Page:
10 Reasons Why I Should Adopt Justin Bieber

10 Reasons Why I should Adopt Justin Bieber

Time to step back and gain perspective?

1. He needs a family to live with. My husband and I have been married for 31 years and we have three well-adjusted sons close to his age.

2. He will gain some perspective on his life if he lives at our house. He spent his adolescence performing, rehearsing, living out of a suitcase, and making more money than he could handle. By stepping back from the music industry, he will see that people around him don’t recognize he is heading for burnout, as his self-destructive behaviour indicates.

3. Our house rules are simple – have fun without hurting yourself or others, and obey the law. If you drink alcohol, do it in moderation, and call a taxi, or walk home, so you don’t injure yourself and others.

4. He can sing and jam in our home recording studio. His three new brothers need a good lead singer for their rock band, and they can do the recording and mix and produce the songs. They can also make electronic dance music for his dance moves. Afterwards, they can have some spaghetti. Eating fast food while on tour makes your body tired.

5. We will remind him to treat people with respect if he forgets.

6. His adoptive dad will lead by example, and won’t confuse him by participating in bad boy behavior with him. You have many friends to party with, but only one dad to guide you.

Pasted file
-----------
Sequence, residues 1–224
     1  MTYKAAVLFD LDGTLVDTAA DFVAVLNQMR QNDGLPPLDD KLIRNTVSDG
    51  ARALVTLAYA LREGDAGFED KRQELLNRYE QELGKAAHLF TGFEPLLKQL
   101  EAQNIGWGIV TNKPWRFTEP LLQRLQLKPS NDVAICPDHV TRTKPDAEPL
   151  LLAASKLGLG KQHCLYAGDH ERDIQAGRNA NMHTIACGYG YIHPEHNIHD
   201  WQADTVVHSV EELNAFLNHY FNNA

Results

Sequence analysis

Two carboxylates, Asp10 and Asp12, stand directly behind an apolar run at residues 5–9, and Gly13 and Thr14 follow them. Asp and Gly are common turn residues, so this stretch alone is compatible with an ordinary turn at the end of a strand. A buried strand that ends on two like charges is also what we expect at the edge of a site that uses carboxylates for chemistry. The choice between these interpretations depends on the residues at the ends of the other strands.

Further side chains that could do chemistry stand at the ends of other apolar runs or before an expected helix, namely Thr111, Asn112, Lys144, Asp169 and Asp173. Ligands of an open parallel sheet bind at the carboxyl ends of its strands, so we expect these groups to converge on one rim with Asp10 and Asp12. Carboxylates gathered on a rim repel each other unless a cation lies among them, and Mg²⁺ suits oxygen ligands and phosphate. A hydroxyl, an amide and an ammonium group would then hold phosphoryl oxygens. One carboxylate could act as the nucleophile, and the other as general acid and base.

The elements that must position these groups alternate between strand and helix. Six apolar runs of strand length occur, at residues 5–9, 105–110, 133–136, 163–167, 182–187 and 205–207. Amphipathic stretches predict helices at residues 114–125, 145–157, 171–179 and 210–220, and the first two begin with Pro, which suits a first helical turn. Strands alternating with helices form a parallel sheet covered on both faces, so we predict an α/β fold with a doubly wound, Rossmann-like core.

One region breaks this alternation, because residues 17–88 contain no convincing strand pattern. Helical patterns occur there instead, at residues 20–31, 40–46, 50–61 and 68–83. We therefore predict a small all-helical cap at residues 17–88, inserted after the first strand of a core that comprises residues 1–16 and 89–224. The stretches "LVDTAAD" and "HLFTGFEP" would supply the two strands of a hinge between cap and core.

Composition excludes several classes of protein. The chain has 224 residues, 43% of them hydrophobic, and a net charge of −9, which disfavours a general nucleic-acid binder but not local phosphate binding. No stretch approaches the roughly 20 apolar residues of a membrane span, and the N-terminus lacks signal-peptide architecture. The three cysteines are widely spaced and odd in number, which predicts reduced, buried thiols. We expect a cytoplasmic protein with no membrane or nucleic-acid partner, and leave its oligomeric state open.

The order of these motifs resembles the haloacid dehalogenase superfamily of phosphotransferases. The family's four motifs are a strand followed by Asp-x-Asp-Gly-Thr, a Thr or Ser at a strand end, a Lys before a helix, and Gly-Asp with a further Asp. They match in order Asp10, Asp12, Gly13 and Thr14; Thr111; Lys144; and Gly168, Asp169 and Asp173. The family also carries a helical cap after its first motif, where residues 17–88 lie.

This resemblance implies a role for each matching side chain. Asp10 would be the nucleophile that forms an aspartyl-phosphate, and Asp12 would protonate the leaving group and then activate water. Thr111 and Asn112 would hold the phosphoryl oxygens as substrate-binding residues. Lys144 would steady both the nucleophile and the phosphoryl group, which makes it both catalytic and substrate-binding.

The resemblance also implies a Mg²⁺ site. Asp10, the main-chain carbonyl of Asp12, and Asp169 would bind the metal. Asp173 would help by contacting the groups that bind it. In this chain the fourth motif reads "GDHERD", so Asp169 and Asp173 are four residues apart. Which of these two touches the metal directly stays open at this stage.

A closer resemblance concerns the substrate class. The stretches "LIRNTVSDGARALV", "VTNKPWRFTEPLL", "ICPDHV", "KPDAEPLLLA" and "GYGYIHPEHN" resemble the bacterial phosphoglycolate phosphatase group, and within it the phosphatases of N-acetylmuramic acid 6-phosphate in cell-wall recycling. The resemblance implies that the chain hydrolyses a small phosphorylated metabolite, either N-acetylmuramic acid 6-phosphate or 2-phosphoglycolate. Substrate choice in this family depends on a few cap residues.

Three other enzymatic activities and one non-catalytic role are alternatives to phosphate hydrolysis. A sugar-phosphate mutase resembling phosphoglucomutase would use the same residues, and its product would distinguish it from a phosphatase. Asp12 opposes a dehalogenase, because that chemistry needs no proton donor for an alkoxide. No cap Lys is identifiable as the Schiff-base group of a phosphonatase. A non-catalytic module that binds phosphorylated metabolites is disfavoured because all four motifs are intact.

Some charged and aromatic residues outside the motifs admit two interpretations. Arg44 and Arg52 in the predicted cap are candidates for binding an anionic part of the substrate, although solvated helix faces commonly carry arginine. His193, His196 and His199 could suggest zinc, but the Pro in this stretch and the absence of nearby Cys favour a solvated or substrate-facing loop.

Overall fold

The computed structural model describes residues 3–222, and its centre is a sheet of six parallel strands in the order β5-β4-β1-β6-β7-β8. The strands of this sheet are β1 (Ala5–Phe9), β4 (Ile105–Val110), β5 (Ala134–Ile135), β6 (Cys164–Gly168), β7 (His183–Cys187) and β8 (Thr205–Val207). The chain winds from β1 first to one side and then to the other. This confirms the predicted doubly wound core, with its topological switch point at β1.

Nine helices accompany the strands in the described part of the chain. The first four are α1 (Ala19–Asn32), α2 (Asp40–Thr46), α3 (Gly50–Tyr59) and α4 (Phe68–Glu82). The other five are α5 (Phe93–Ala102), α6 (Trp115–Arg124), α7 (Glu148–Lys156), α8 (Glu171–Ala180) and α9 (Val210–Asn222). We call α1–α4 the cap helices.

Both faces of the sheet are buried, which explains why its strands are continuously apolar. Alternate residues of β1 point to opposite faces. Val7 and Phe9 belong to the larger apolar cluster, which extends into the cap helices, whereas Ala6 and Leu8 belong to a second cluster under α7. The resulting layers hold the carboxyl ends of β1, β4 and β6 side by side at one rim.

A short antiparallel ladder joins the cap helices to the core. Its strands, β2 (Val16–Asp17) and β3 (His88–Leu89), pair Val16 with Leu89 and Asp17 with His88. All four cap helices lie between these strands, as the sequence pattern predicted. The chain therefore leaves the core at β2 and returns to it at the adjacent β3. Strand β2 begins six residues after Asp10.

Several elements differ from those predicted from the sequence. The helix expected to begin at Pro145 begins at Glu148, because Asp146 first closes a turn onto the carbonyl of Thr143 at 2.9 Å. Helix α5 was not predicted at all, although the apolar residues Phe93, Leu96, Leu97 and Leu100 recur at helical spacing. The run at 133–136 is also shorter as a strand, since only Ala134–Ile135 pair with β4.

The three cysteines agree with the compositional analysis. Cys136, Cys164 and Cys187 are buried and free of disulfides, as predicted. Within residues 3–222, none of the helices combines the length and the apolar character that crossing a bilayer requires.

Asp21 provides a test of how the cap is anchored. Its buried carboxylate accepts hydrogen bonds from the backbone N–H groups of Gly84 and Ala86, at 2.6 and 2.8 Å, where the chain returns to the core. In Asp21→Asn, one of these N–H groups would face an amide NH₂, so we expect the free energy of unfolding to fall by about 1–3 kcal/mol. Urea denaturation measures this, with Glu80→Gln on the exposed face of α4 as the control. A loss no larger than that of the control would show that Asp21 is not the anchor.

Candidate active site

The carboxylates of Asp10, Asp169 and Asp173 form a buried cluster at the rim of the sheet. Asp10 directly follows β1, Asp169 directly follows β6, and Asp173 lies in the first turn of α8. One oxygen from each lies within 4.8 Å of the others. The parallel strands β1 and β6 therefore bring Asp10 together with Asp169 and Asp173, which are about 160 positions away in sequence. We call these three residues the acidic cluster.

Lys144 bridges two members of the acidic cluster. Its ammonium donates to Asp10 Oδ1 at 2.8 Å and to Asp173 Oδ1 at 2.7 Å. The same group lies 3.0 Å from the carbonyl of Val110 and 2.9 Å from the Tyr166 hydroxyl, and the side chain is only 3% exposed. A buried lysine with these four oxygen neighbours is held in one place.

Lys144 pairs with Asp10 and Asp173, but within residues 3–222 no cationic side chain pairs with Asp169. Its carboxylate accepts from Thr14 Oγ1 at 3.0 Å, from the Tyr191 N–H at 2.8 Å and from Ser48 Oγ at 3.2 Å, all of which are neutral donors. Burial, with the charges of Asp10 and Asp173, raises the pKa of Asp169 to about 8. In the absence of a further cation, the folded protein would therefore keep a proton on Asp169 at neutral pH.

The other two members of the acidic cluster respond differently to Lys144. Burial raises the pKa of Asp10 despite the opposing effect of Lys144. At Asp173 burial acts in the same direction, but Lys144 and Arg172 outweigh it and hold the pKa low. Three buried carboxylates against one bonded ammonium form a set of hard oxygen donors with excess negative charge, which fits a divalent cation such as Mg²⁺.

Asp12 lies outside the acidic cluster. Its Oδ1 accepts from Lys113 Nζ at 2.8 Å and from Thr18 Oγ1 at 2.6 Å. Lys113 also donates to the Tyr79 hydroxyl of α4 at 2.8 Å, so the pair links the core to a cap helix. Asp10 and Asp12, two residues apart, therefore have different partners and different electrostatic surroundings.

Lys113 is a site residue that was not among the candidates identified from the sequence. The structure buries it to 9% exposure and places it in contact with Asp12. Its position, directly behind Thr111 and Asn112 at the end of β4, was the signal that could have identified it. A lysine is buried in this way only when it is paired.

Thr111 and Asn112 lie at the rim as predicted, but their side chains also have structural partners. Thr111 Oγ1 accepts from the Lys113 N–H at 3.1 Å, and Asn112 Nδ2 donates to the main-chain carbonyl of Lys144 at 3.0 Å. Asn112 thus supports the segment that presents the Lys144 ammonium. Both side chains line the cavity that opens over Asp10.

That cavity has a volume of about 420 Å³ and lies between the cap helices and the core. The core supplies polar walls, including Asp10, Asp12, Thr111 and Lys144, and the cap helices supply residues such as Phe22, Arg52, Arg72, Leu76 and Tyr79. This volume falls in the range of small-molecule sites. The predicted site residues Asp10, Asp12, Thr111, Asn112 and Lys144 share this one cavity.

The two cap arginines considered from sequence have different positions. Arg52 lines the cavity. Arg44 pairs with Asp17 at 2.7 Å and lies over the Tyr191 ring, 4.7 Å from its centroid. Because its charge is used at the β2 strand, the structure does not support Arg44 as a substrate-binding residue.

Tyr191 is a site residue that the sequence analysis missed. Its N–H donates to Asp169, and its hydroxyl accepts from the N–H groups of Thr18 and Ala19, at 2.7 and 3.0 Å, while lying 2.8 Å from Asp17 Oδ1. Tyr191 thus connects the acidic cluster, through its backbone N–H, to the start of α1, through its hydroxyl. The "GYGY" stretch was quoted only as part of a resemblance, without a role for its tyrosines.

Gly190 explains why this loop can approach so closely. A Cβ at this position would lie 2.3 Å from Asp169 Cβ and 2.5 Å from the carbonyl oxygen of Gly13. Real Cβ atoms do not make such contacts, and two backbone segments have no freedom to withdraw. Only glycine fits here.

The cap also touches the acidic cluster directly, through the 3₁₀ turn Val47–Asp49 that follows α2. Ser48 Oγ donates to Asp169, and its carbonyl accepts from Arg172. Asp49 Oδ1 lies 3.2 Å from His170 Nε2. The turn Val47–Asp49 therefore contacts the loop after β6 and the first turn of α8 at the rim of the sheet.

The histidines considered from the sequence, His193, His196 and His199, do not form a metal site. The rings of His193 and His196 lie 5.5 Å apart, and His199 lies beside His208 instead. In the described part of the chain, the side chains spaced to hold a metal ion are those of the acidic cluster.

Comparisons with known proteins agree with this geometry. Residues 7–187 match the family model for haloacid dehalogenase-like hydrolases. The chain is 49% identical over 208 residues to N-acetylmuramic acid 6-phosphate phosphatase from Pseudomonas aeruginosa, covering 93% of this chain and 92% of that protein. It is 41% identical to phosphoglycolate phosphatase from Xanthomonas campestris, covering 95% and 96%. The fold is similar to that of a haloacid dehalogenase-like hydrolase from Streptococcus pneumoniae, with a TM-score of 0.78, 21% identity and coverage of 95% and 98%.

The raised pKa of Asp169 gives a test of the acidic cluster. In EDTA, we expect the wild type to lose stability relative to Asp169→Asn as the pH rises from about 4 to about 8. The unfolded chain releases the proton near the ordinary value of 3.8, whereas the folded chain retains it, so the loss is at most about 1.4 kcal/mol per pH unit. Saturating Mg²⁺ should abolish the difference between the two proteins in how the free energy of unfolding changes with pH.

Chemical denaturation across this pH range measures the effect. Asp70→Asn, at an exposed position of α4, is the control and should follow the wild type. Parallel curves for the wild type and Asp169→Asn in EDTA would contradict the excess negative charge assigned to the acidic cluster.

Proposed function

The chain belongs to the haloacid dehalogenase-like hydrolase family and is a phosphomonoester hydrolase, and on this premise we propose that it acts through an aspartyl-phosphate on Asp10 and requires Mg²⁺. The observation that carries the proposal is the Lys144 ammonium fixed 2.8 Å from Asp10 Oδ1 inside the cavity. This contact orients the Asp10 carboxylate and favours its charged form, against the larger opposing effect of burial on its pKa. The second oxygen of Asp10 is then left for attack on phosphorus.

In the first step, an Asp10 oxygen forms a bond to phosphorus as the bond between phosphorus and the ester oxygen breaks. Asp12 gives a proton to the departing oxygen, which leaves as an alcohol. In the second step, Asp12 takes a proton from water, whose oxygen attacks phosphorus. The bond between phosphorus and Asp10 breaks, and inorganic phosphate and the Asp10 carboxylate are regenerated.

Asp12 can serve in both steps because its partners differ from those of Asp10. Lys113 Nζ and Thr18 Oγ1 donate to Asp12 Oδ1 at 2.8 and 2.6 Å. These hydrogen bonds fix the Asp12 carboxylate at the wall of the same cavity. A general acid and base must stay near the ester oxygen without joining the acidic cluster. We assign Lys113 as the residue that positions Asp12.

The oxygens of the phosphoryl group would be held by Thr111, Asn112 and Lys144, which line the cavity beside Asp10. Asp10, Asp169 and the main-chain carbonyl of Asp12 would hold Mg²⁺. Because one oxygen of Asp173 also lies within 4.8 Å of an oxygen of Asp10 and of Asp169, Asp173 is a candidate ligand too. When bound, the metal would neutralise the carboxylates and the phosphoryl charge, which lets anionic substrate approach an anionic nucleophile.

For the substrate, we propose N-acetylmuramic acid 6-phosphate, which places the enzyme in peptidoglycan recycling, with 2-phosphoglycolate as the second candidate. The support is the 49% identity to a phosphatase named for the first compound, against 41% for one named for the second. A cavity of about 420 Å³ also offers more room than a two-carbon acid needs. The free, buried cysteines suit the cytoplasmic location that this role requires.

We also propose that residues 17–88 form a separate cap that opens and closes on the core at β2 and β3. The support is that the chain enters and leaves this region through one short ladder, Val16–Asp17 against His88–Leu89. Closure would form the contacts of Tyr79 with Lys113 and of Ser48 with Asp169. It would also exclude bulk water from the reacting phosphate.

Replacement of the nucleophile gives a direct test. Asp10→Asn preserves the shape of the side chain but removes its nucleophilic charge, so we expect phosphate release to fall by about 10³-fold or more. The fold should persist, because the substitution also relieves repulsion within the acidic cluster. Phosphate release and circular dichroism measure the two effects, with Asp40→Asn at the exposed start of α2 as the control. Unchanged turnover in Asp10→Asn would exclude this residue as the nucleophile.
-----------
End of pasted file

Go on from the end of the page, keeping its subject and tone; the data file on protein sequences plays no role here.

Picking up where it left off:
7. He will be free to go shopping at the local shopping mall, without paparazzi sitting on his car so he can’t leave the parking lot safely.

8. He can get back into playing hockey when he’s living in Canada with his adoptive brothers. He can go with them when they rent the ice, play drop-in hockey, or throw the net in the back of the truck and have a scrimmage on a local frozen pond. One of them is even a goalie! He can have some fun with his peers before he is back working from dawn to dusk on a fifty city tour on five continents.

9. There are lots of good addiction treatment centres nearby us, and TMZ doesn’t have to know which one he signs into.

10. His mom loves him and wants him to be happy.

photo credit: jaredpolin via photopin cc

Blogging over Spilled Milk

My philosophy on life is the glass is always half full, or the bowl, in this case.

One morning, my 16 year old son slept through his alarm, setting off a chain of events in his wake.